3. Richard Abel, 1999. "The National Enquiry into Scholarly Communication - twenty years after," Publishing Research Quarterly, volume 15, number 1, pp. 3-19. http://dx.doi.org/10.1007/s12109-999-0001-7

4. Alan Kent and others, 1978. A Cost-Benefit Model of Some Critical Library Operations in Terms of Use of Materials. Springfield Va.: NTIS, PB 282 059.

5. Casimir Borkowski and M.J. N. MacLeod, 1979. "Report on the Kent study of library use: a University of Pittsburgh reply," Library Acquisitions: Practice and Theory, volume 3, pp. 125-151. http://dx.doi.org/10.1016/0364-6408(79)90011-5

6. Robert N. Broadus, 1983. "The use of serial titles in libraries with special reference to the Pittsburgh study," Collection Management, volume 5, numbers 1/2, pp. 27-41.

7. Robert M. Hayes, 1981. "The distribution and use of library materials: analysis of data from the University of Pittsburgh," Library Research, volume 3, pp. 215-260.

8. Melvin J. Voigt, 1979. "Circulation studies cannot reflect research use," Journal of Academic Librarianship, volume 5 (May), p. 66.

9. Advisory Panel for Scientific Publications, 1992. "The cost effectiveness of science journals," Publishing Research Quarterly, volume 8, number 3, pp. 72-91. http://dx.doi.org/10.1007/BF02678617

10. Anthony Cummings et al. (editors), 1992. University Libraries and Scholarly Communication: a study prepared for the Andrew W. Mellon Foundation. Washington D.C.: Association of Research Libraries, p. xvii.

11. William G. Bowen, 1996. "How libraries can help to pay their way in the future," Logos, volume 7, number 3, pp. 237-241.

12. Association of Research Libraries, 1989. Report of the ARL Serials Prices Project. Washington D.C.: ARL.

13. K. Kalfus, 1989. "Scientists balk at soaring journal prices," The Scientist, volume 3, number 15 (24 July), pp. 1,16.

14. J.A. Kingson, 1989. "Where information is all, pleas arise for less of it," New York Times (9 July), p. E9.

15. D. Koshland, 1989. "Combating high journal costs (Editorial)," Science, volume 244, p. 1125. http://dx.doi.org/10.1126/science.244.4909.1125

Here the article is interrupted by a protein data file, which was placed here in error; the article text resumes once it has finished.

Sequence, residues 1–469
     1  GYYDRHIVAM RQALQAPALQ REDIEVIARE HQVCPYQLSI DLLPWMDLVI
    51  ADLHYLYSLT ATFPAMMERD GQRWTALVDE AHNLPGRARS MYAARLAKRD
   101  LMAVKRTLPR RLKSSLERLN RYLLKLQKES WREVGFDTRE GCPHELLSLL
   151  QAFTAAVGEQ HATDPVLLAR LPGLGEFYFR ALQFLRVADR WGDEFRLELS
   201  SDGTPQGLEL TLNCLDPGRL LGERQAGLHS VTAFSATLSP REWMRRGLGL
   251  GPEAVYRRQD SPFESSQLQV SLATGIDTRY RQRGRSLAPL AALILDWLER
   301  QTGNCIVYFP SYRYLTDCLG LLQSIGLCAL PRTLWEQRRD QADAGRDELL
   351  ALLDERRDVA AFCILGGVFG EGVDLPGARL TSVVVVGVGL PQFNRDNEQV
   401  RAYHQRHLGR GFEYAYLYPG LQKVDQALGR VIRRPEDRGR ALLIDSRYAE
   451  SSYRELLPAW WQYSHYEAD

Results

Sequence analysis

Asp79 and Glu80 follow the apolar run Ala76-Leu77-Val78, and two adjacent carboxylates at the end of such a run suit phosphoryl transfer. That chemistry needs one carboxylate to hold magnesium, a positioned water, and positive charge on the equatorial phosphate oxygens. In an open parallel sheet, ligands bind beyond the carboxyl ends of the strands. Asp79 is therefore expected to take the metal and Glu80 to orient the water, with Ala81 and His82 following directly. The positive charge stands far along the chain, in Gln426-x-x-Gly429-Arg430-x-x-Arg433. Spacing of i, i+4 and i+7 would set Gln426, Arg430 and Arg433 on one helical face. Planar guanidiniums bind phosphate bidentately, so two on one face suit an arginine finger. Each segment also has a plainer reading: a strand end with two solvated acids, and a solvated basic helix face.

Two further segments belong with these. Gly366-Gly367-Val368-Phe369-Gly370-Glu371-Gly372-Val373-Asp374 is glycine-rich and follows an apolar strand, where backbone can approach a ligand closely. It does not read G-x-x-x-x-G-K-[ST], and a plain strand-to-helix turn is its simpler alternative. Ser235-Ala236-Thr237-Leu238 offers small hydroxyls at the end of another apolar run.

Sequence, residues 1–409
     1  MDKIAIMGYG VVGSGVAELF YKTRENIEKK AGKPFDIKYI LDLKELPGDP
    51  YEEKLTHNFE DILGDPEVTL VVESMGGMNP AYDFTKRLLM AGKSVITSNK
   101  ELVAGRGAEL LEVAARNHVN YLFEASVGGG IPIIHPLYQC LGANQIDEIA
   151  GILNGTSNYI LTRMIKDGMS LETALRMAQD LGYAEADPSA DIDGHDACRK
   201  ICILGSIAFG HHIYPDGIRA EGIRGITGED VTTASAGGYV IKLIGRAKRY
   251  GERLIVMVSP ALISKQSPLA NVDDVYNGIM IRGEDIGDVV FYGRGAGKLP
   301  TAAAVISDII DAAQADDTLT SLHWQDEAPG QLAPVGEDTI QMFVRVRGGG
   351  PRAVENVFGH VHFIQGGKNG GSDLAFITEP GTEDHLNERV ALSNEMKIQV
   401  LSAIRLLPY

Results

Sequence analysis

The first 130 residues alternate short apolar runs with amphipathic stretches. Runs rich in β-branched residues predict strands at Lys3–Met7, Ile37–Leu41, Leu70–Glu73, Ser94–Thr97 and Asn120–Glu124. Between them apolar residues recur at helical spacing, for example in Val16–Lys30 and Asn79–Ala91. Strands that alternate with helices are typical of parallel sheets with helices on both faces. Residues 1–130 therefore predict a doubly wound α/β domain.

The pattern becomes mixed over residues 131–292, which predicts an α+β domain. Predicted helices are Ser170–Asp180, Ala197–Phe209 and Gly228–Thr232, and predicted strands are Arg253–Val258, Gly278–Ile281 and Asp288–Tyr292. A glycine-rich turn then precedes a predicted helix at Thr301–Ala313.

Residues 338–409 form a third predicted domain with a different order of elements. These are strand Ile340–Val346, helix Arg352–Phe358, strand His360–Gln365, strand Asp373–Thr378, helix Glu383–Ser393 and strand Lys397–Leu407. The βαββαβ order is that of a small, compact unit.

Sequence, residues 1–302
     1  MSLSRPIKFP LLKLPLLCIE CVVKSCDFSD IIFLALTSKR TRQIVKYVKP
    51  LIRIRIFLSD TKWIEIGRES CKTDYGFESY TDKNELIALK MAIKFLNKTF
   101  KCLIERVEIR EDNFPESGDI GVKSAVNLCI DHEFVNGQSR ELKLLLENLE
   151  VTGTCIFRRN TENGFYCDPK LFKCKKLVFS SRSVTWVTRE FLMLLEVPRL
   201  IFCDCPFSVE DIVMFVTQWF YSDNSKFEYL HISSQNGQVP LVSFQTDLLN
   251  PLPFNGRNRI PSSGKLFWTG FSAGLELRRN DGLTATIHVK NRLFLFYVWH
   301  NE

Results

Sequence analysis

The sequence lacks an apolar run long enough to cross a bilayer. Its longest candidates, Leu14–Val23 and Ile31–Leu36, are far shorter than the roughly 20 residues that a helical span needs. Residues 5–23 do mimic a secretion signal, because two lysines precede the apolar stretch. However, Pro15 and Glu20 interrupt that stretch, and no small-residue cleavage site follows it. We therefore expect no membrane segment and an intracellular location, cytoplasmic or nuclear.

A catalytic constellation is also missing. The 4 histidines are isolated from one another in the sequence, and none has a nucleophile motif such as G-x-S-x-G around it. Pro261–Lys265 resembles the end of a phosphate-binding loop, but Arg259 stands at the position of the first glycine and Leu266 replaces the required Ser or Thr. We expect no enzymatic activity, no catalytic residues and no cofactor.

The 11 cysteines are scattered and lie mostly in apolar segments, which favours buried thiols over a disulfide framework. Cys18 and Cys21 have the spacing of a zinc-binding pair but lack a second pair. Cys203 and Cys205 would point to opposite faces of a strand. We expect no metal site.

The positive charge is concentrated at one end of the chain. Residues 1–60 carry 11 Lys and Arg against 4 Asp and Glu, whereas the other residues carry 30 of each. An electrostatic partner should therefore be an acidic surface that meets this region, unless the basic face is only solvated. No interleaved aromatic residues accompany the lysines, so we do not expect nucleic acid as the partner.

16. Science and Engineering Indicators (1989), Washington, D.C.: National Science Board, pp. 113-114.

17. Leslie Stahl, 1995. "On universities," aired on 26 February, 60 Minutes. Transcript was printed under the title Academia exposed! The 60 Minutes file, Lingua Franca, volume 5, number 3 (March/April), pp. 70-73.

18. Albert Henderson, 2000. "Information Science vs. Science Policy (guest editorial)," Science, volume 289 (14 July), p. 243.

19. David E. Shulenburger, 1998. "Moving with dispatch to resolve the scholarly communication crisis: from here to NEAR," In: ARL Proceedings of 133rd annual meeting (14-16 October), at http://www.arl.org/arl/proceedings/133/shulenburger.html

20. Cary Nelson, 1999, "The war against faculty," Chronicle of Higher Education, volume 45, number 32, (16 April), p. B4.

21. Thorsten Veblen, 1918. The Higher Learning In America: a memorandum on the conduct of universities by business men. New York: B. W. Huebsch.

22. David J. Brown (compiler), 1996. Electronic Publishing and Libraries: Planning for the Impact and Growth to 2003. London: Bowker-Saur, pp. 41-43.

23. Albert Henderson, 1999. "Information science and information policy: The use of constant dollars and other indicators to manage research investments," Journal of the American Society For Information Science, volume 50, number 4, pp. 366-379. http://dx.doi.org/10.1002/(SICI)1097-4571(1999)50:4<366::AID-ASI15>3.0.CO;2-3

24. Albert Henderson, 2000. "Dumbing down standards," American Libraries, volume 31, number 5, pp. 37-38.

25. Walt Crawford and Michael Gorman, 1995. Future Libraries. Chicago: American Library Association, chapter 7.

26. U.S. General Accounting Office. 1996. Library of Congress: Opportunities to improve General and Financial Management. GAO/T-GGD/AIMD-96-115.

27. by Robert A. Nisbet, 1971. The Degradation of the Academic Dogma. New York: Basic Books.

28. Edward Shils, 1975. "The academic ethos under strain," Minerva, volume 13, pp. 1-37. http://dx.doi.org/10.1007/BF01096240

Editorial history

Paper received 15 February 2001; accepted 1 March 2001.

Contents Index

Copyright ©2001, First Monday

"The Big Lie" and the Great Newspaper Caper by Albert Henderson
First Monday, volume 6, number 3 (March 2001),
URL: http://firstmonday.org/issues/issue6_3/henderson/index.html